Earlier this week, Boaz Yakin wrote about his father’s stories growing up in British Mandate Palestine and empathy and conflict. He has been blogging here all week for JBC and MJL. Editor’s Note: The views expressed by Visiting Scribes are their own.
How weird is it that here in America the very people who used to hate on the Jews something fierce now love us the way PETA loves animals? And that even more than Jews in general, they love them some Israel? How fast did it go from you can’t get into the country club — or in my case, heading home from school past the tough goy boys on the Upper West Side of Manhattan (it was the 70’s, there were still tough goys out there) and having a rock whipped at me along with an accompanying snort of “Jewboy” if I had somehow forgotten to take off my yarmulka — to turning on the news every day to the spectacle of some good ol’ boy politician on his knees desperately fellating anything circumcised that might fall within his purview? It’s been a strange confluence of events and ideology and who knows what else. Like, what exactly was it?
First the Christian Millennialists can’t get over the fact that there are Jews running the show in Judea again, which means the battle of Armageddon is approaching, and their Boy (ours originally, but whatever) will soon be riding down from the clouds with a flaming sword in his mouth and all that special effects meshugas that they can hardly wait for for a single minute longer. It also means as a result of those hopes that they are even more opposed to a two-state solution in Israel, or Judea, or Palestine, or whatever you want to call it, than the most rabid Zionist, as it runs contrary to Biblical prophecy and will cock-block the whole thing. Meanwhile the Cold War ends, and we get dragged into the Gulf War by our fearless leaders, and the Twin Towers are destroyed, and more war in the Middle East and a new awareness amongst our generally myopic populace of Islam spreading like a thought-virus all over the world, and — BANG — Muslims, who since the rise of the Israeli State tend to hate Jews almost as much (but not quite as much) as the Christians used to, are suddenly Public Enemy Number One; so it follows that the Jews they hated must now be America’s new best Pals. And let’s not forget all the old Yids who have been migrating to the Deep Southern state of Florida for the warmth and the waters, and now find themselves in the enviable position of being able to swing a national election this way or that…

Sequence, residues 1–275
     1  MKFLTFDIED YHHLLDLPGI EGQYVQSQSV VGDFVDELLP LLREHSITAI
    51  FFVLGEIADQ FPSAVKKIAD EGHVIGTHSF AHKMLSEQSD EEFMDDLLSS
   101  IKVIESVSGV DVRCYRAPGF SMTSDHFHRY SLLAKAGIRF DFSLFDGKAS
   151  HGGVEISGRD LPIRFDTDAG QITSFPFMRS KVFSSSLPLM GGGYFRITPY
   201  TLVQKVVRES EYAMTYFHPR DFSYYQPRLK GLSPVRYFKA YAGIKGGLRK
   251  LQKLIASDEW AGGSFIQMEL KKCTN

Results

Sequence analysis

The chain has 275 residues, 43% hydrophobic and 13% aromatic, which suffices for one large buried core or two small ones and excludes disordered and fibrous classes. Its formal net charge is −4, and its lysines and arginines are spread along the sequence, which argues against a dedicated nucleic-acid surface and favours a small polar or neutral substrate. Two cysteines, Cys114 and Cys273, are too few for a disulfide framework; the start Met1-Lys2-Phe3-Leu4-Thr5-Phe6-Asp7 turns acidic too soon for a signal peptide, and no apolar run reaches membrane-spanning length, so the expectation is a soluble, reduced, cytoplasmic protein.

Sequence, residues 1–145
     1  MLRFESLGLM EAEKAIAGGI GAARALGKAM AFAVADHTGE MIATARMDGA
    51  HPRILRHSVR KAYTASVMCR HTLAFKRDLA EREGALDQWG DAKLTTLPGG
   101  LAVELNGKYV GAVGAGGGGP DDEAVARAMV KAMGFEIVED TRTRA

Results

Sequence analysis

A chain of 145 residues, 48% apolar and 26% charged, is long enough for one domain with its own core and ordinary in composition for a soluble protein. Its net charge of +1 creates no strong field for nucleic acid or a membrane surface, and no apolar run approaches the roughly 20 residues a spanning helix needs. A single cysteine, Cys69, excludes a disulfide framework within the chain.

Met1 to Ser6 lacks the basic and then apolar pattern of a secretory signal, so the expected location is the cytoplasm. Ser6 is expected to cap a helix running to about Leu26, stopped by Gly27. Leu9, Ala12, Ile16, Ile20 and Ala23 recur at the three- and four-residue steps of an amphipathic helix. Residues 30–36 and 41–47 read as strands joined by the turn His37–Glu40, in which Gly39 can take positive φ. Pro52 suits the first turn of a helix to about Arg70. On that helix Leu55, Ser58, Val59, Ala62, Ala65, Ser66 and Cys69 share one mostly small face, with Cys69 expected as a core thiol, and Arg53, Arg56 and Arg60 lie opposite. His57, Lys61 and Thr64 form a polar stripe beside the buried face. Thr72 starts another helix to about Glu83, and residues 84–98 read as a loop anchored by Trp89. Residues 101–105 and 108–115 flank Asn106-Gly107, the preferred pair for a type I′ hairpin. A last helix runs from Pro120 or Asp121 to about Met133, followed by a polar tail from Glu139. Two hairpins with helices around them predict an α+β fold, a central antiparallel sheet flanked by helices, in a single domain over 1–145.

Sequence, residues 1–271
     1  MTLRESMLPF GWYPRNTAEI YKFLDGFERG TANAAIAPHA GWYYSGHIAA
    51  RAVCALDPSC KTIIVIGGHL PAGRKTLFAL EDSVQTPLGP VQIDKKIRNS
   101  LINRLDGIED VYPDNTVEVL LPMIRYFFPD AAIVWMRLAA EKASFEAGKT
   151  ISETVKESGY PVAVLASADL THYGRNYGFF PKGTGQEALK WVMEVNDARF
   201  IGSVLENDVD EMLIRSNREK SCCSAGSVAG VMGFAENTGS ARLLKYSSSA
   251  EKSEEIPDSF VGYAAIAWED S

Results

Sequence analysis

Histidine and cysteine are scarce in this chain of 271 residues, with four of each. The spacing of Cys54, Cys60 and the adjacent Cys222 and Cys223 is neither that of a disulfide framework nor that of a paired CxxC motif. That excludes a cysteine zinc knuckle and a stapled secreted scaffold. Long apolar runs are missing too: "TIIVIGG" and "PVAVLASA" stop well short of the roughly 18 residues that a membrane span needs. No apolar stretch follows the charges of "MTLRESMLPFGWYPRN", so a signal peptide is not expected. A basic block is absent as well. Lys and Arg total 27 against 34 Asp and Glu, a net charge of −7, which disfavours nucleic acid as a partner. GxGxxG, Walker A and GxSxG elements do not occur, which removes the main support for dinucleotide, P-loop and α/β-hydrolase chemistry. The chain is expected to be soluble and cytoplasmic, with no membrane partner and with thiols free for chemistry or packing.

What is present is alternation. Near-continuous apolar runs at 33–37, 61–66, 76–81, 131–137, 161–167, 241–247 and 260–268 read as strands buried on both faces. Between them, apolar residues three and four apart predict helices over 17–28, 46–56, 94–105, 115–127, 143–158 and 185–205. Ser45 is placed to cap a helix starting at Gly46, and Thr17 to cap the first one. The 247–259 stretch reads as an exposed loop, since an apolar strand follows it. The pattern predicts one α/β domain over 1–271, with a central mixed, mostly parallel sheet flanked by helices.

So, the attitude shift kind of makes sense when you break it down, connect the dots and all that, but to a Jew with some years on him and some sense of history it still feels weird, is all I can say. And so many Jews both in America and Israel are like — whatever — I don’t give a shit why they’re kissing my ass all day all of a sudden, I just know it feels good, better than, say, being shoved into a ghetto or fleeing a pogrom or a Holocaust or whatever other fun we’ve been subjected to for the last 2000 years, so don’t ask too many questions, lean back and enjoy the lap dance. And I understand that sentiment well, and sympathize with it — I mean, we live in the moment, not in “history” — and the moment feels nice.
But for those inclined to think about the future, whatever that means, you know, the kind of people who worry about a rainy day coming, what they’re leaving their kids and all that kind of thing, it might be a good idea to remember that Jesus ain’t never coming back, ever, and that at some point our new pals are going to start getting antsy about it, and then the term “fair weather friend” will take on a whole new meaning. Or not. Who knows? Certainly not me.
Boaz Yakin is a screenwriter and film director based in New York City. Yakin studied filmmaking at New York City College and New York University.